Thursday, July 24, 2014

Fire Island Continued...

First Performance
Fire Island Rep Picture
BalletCollective is "on deck"! I disrobe, taking off my Uniqlo warmups and my American Apparel legwarmers, and Troy gives Harrison and me one last "Merde". The hosts of the event begin announcing Dear and Blackbirds, talking about BalletCollective and its mission, as Harrison and I give each other a tight hug! We head to the stage stairs, I dab one last bit of rosin on my point shoes, and we both make our way up on to the amazing stage. The view is breath taking, the sun is smiling, and the audience is attentive. As we take our places, I look at Harrison and say "This is so freaking cool!"

The music begins! We walk.

Dear and Blackbirds is a ten minute pas de deux, yet only seven of those minutes was premiered. It is an intense duet that portrays a journey in the relationship of these two people, Harrison a young lad, and I an older, more experienced woman. He, at times, is a bit rambunctious, filled with young energy, not quite sure what he is doing or what he yet wants in life. As for my role, I know exactly what I want and need and go after those desires. We begin by walking, yet even at the start we each want to be going in different directions. The push and pull of our dynamic is evident. I get feisty; he accidentally throws me to the ground. After some time we meet in the middle - both in regard to each others' energy and personality as well as their journey to togetherness.  I won't give it all away... but it is one of the most special pieces I have ever danced. It feels right in every way.

The first performance was interesting, though a bit nerve-racking at the start. As Harrison and I held hands to begin, the energy was flowing with slight shaky waves coursing through our bodies. Soon after five counts of eight we were off and in it. No more signs of nerves! The middle transition musical cue went well and before I knew it we were in the last movement. The emotions were there, Harrison and I were connected.

Troy was super pleased with the ballet and I could tell he was happy (It was the first time he had seen it performed, ever!) though he mentioned to me that "the last movement was too sad." I was shocked at his comment. The last movement felt so real for me and I was really moved at our connection. I felt as though Harrison and I could read each other's thoughts, feelings and hearts. Yet, somehow it came across as too sad to him. I was utterly confused. I took a moment to unwind by myself, grabbed some water and then returned to await the final group bow.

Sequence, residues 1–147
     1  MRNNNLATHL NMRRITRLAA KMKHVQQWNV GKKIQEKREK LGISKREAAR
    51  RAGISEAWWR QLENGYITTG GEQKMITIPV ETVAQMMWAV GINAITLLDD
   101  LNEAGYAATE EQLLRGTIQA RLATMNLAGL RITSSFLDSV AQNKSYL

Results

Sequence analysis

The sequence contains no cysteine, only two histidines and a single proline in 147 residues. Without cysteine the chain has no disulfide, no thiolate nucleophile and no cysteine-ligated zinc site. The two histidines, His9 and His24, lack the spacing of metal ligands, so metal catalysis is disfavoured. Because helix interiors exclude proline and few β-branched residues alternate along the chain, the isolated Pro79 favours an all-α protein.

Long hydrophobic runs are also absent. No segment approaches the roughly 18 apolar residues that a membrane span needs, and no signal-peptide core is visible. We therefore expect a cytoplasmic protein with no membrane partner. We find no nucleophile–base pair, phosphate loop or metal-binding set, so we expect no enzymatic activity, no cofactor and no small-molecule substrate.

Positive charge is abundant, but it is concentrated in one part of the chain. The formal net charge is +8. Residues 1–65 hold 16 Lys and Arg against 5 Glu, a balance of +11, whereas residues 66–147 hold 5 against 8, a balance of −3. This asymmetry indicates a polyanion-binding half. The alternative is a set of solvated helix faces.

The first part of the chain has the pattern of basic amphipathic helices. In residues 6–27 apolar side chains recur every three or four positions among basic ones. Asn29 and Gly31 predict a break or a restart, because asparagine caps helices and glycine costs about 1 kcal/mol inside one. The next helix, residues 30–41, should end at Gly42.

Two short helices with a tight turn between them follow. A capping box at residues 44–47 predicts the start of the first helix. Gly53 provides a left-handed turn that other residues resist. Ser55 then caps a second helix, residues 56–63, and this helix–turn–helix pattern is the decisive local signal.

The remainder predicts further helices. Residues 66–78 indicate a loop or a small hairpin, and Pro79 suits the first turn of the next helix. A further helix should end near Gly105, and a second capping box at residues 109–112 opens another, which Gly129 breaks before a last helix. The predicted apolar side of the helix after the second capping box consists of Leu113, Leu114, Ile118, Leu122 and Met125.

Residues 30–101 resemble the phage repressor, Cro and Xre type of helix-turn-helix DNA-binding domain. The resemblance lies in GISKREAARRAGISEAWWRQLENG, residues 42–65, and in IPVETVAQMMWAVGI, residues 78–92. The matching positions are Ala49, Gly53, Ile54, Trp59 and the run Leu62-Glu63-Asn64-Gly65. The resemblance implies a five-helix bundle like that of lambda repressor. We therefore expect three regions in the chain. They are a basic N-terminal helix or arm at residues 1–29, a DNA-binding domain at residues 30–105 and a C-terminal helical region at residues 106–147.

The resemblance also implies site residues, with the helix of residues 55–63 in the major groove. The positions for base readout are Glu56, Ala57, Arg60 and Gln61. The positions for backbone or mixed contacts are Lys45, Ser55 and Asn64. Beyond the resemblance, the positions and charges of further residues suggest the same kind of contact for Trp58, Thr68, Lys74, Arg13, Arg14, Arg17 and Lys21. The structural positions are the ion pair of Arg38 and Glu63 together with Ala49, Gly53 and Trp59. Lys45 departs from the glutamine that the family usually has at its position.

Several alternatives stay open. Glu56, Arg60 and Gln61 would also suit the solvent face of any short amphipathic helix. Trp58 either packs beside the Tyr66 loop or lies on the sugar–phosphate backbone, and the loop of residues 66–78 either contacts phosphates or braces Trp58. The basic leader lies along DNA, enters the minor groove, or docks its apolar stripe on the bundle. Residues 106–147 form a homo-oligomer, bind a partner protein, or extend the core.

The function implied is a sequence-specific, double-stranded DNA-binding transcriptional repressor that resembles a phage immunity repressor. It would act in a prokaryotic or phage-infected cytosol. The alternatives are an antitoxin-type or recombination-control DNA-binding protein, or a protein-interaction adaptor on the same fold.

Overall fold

The first show was done! It was 6:45pm and we were all headed back to the green room to freshen up as the second show was about to begin in fifteen minutes.

Since the turn around time was so short, the second show to start at 7pm, there was no need to re-warm up. I covered myself in my warm-ups and stretched to keep the blood flowing.

"Five minutes to the top of the show!" called the tech crew. After the opening number, the Romeo and Juliet balcony pas de deux, a speech was given. During the speech I was stretching backstage. Soon into the speech, the talking stopped, and the EMT's arrived. Someone in the audience needed medical assistance. Fortunately the gentleman was able to walk out of the venue with the EMT's to receive treatment. The audience and performers sat patiently while this played out.

Before long the show resumed and we were on deck again...

Due to the medical emergency, the show was delayed about 20 minutes, unfortunately for the gentleman who got sick, but fortunately for BalletCollective because Dear and Blackbirds was now to be performed in the prime sunset lighting!
Sunset Show
Photo by Troy Schumacher

Harrison and I stripped off our warm-ups, got our "Merde" hugs from Troy, and began to get pumped! I ran forwards and backwards to make sure my feet were awake (normally when you perform you have a chance to be on the stage a few moments before the piece starts to get the blood flowing or to try out a few steps). Seconds before we got the go ahead from the stage manager, I said to Harrison "It might be a long time before we do this pas de deux with sunset lighting again, so let's enjoy!"

We held hands and began...

The second show felt even better than the first. I hit my swivels (a swivel is a tricky step that seems like luck every time you try it - it's when someone basically just spins on one leg multiple times), the lighting was absolutely perfect and Harrison and I took the last movement to a different, less sad place emotionally. We had one minor glitch - in the third movement, but the audience didn't seem to react so we can't wait to see the video to analyze exactly what happened. (I would try to explain what happened but honestly I have no clue - one minute we were doing the steps, and the next we were both rolling on the ground.) We recovered quickly, maintaining our "in it faces" and finished out the pas de deux.

After the final bow, we all headed back to our hosts' houses, freshened up, and had a celebratory drink before the scheduled "performers dinner". After a delicious dinner, on our way back to the 50's beach house, we made a pit stop at the local bar Sip N Twirl, checked out the scene, and then called it a night!

It was a long day, and I was exhausted. More on our last day in the Pines tomorrow...

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